As you’re planning your screenings for the festival, don’t forget these screenings and special events:
DON’T MISS DOCS
‘3 Days 2 Nights’
Wheeler Opera House, Wednesday, Sept. 26, 5:30 p.m.
Crystal Theatre, Saturday, Sept. 29, 5:30 p.m.
This is the movie everyone in Aspen will be talking about after the festival. The film is an intensely personal portrait of Mark and Andy Godfrey, who survived a plane crash on the way to a family ski vacation in 1974 when they were young boys. The crash killed their parents, brother and sister. They’ve rarely spoken publicly, but they bare all in this film as they attempt to heal the emotional wounds and mend their relationship 40 years after the tragedy. The film is still in the editing process. Director John Breen is bringing an early cut of this remarkable doc to the Godfreys’ hometown audience.
The Godfreys and Breen will be at the Wheeler for a post-screening Q&A.
Wheeler Opera House, Sept. 29, 7:15 p.m.
Expect sex, drugs and disco. And maybe something more profound. The journalist and documentarian Matt Tyrnauer has gotten Studio 54 co-founder Ian Schrager to talk on the record, for the first time, about the iconic and debauched disco-era nightclub in this film. With a track record of incisive, glamorous docs like “Valentino” and “Scotty,” expect something both fascinating and fun in Tyrnauer’s “54.” He will be on-hand for a post-screening Q&A.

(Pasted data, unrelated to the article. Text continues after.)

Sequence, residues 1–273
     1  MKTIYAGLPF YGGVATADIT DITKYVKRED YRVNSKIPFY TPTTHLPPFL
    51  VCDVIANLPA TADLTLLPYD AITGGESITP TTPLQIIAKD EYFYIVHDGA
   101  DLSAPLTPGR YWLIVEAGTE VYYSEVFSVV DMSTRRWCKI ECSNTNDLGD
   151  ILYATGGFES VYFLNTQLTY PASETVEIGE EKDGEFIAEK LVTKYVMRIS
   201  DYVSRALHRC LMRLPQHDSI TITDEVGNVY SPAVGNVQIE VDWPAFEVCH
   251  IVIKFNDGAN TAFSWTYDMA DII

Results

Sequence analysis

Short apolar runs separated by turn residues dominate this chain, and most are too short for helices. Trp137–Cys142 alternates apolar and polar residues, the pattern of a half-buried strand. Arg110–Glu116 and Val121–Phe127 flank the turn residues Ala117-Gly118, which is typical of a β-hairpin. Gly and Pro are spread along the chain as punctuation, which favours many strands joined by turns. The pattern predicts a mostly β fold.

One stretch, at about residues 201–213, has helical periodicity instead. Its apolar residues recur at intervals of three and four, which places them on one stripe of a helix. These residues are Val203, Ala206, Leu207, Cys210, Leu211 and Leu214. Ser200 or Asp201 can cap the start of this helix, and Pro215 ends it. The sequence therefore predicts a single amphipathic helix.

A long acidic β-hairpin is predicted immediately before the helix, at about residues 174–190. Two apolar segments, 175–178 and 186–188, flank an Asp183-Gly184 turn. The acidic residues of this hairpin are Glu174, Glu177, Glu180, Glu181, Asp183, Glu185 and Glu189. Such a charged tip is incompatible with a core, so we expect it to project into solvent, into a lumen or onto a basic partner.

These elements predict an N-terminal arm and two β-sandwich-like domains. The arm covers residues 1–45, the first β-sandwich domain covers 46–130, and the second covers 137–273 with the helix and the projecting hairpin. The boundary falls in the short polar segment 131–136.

PANELS & PRESENTATIONS
‘Behind the Magic with Don Hahn’
Wheeler Opera House, Wednesday, Sept. 26, 10:30 a.m.
The producer of Disney classics like “Beauty and the Beast” and “The Lion King” takes Filmfest behind the scenes in a multimedia presentation. Hahn also directed “Howard,” a documentary about the late lyricist Howard Ashman, which opens the festival (Tuesday, Sept. 25, 2:30 p.m.).
From Book to Screen: ‘Leave No Trace’
Wheeler Opera House, Thursday, Sept. 27, 7 p.m. (following 5 p.m. film screening)
Peter Rock wrote the novel on which this father-daughter drama is based, Adrienne Brodeur — director of Aspen Words — acquired it as an editor at Houghton Mifflin and producer Linda Reisman helped bring it to the big screen with a nearly all-female team of creative visionaries. All three will be onstage to tell the tale of the book’s long journey to the screen and how “Leave No Trace” became one of the most acclaimed films of the year.
Documentary: Taking It to the Extreme
Wheeler Opera House, Saturday, Sept. 29, 10:30 a.m.
The filmmakers behind two highly touted new adventure documentaries take a deep dive on their projects and the extraordinary big wave surfers and mountaineers who inspired them. The conversation brings together Jeff and Michael Zimbalist, directors of the surfing doc “Momentum Generation” (Aspen: Friday Sept. 28, 8:15 p.m.; Carbondale: Sunday, Sept. 30, 7:30 p.m.) and Grant Baldwin, director of the group portrait of adventurers in the Canadian Rockies “This Mountain Life” (Aspen: Friday, Sept. 28, 2:30 p.m.; Carbondale: Friday, Sept. 28, 5:30 p.m.).